San Francisco’s Archbishop Salvatore Cordileone was not among those attending last weekend’s March for Marriage, a national gathering in Washington, DC of activists opposed to marriage equality, opting to remain at home and deal with the continually escalating crisis in his archdiocese.
Archbishop Cordileone, who heads the American bishops’ Subcommittee for the Defense of Marriage, was originally scheduled to appear at the National Organization for Marriage’s event, as he had done so last year,though that appearance sparked tremendous controversy.
About 5,000 people attended last Sunday’s March for Marriage scheduled ahead of Tuesday’s oral arguments at the U.S. Supreme Court in a conglomeration of marriage equality cases. Those in attendance included Archbishop Joseph Kurtz of Louisville, president of the U.S. Conference of Catholic Bishops (USCCB), Archbishop William Lori of Baltimore, the USCCB’s chair of religious liberty, and Archbishop Carlo Maria Vigano, the Vatican’s apostolic nuncio to the U.S.
The Human Rights Campaign released an open letter to Pope Francis objecting to Vigano’s appearance as a breach of diplomatic protocol, an interesting move given the Vatican’s potential denial of a gay ambassador from France.
An archdiocesan statement explained Cordileone’s absence in the following way, according to the San Francisco Chronicle:
” ‘While he remains involved in national issues, Archbishop Cordileone will not be attending the march…His highest priority in the coming days is a productive dialogue with Catholic-school teachers and families here in San Francisco, whose concerns are very important to him.’ “
The statement references the outcry from Catholics in the Bay Area which has erupted in response to enhanced morality clauses in teaching contracts announced by the archbishop in February. Brian Cahill, the former director of San Francisco’s Catholic Charities, described the tenseness of the current situation in the SF Archdiocese:
” ‘I suspect just because things have heated up so much that he has changed his mind…Everywhere I go — even at a Catholic Charities fundraiser the other day — I run into people who say, “How can I sign something like the ad in The Chronicle?” ‘ “
Cahill is referencing a full-page ad signed by more than 100 influential Catholics calling for Cordileone to resign following weeks of actions and a petition which has gained the signatures of 80% of high school faculty. The latest protest happened on Monday when more than 200 people, including leaders from more than two dozen unions, protested outside archdiocesan offices, reported the National Catholic Reporter. Art Pulaski of the California Labor Federation told attendees:
” ‘The church has told us that it honors all civil rights and labor rights…You cannot profess social justice if within your own walls you refuse to practice it. We call on the archbishop to adhere to the principles of social justice.’ “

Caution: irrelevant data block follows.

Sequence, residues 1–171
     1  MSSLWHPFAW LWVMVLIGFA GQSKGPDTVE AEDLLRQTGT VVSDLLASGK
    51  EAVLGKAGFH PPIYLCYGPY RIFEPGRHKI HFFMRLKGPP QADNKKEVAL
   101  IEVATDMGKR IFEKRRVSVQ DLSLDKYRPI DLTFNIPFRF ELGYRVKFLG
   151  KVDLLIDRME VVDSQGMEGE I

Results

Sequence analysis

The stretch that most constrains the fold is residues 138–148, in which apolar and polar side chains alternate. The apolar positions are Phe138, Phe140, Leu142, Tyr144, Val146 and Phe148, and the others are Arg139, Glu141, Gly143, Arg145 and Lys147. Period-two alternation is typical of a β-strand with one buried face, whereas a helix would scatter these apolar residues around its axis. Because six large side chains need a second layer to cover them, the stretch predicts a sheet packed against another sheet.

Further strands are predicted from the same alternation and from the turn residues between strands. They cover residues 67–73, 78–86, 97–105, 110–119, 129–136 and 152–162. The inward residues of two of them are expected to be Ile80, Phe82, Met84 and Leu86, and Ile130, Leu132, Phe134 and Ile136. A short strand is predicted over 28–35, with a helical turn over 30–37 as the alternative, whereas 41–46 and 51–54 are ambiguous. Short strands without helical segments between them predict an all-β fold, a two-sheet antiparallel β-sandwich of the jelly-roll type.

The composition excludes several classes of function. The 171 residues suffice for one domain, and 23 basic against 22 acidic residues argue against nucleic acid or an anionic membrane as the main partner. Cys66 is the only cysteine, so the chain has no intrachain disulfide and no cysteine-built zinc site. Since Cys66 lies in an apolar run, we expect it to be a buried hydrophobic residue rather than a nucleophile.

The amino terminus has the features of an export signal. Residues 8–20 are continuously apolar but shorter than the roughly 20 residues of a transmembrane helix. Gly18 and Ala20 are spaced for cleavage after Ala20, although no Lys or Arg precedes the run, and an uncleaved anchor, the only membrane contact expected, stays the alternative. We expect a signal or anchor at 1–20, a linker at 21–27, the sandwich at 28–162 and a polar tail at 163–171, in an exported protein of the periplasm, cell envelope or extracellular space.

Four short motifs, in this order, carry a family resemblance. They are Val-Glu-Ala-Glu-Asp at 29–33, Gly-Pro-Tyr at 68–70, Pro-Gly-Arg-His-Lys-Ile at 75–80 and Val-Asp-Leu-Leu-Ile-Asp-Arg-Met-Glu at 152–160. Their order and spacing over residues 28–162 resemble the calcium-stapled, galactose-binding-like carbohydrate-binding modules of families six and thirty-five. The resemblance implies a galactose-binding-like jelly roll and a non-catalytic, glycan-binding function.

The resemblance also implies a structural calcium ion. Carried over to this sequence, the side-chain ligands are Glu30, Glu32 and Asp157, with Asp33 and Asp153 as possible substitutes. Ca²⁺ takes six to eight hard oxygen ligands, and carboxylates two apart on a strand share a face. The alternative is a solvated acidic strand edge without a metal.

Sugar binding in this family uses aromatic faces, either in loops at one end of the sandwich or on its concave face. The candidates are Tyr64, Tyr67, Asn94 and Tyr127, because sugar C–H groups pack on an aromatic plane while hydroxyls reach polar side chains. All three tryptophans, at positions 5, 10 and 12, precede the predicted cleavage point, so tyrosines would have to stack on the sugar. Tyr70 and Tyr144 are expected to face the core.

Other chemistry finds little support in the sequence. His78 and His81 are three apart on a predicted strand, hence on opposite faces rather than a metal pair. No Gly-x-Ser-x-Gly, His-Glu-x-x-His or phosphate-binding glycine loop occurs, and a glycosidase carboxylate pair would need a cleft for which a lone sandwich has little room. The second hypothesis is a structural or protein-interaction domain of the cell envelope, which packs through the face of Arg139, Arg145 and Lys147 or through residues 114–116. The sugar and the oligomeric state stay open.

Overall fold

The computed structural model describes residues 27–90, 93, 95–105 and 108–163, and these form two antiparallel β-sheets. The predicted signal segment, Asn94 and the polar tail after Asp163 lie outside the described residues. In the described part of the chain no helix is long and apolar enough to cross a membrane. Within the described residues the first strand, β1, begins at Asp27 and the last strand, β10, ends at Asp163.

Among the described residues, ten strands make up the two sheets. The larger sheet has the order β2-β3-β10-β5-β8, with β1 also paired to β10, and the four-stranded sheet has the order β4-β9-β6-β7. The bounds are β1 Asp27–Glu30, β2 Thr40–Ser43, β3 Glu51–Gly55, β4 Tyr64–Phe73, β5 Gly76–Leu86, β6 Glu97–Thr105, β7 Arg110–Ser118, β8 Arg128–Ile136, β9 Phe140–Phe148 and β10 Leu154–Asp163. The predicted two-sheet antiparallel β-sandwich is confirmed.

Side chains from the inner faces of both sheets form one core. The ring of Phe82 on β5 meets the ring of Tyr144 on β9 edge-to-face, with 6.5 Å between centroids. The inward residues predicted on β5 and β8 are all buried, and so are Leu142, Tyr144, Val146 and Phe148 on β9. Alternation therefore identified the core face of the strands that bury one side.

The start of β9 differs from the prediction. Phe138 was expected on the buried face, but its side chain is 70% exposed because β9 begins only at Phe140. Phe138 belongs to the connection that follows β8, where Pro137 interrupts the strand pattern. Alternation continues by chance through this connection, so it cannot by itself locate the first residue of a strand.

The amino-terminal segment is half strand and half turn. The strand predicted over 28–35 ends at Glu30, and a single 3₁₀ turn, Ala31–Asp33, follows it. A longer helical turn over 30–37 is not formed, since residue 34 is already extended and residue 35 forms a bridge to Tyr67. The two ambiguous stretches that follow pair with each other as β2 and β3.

Teachers expressed their concern for students and the school communities as a driving factor in these protests as well. Peggy Farrell, an arts teacher at Junipero Serra High School, said:
” ‘We are with these kids, some fragile, hurt, lonely and questioning…This contract and handbook language drives a wedge…The only way to heal this broken relationship is to drop the language.”
Archbishop Cordileone admitted his surprise at the outcry, telling Crux that while he knew the contract language would be controversial, he did not believe it would be so “to this degree.” He also expressed hope that differences could be resolved by sitting down and talking out the new contracts. Yet, even while he stayed away from the March, organizers for San Francisco’s teachers assert there has still been no outreach from Cordileone or the archdiocese.
In the coming days, the archbishop might want to take the advice of John J. Savant, a professor emeritus at Dominican University of California. In a National Catholic Reporter essay, Savant described the mission of Catholic educational institutions as being modeled on the radically inclusive model of Jesus’ ministry:
“If the Catholic school is, in its very functioning, to be a representation of the loving, merciful Christ — in a sense, Christ writ larger — it must embrace all in her employ, even those who may not accept all of her teachings. For our model here, we need look no further than Christ himself, whose compassion and service were indiscriminate; whose embrace was so often bestowed upon the marginalized, upon those not so orthodox in conviction or behavior, not observant of prescribed practices. This is the Christ whose denunciations were far more directed toward leaders obsessed with power and control than toward the multitudes seeking assurance beyond rule-keeping, meaning beyond moral rectitude. This was the Christ who urged, above all else, the community of love before the rule of the righteous.”
By not doing so, he added, Catholic education ends up confusing students, instead of providing clarity:
“We can imagine the moral confusion that young students might feel when the counsels of inclusion and compassion are somehow dismissed in the interest of orthodoxy. It will be difficult for them to understand how exclusive and restrictive policies can engender the moral freedom for which Christ spent his mission and gave his life.”
–Bob Shine, New Ways Ministry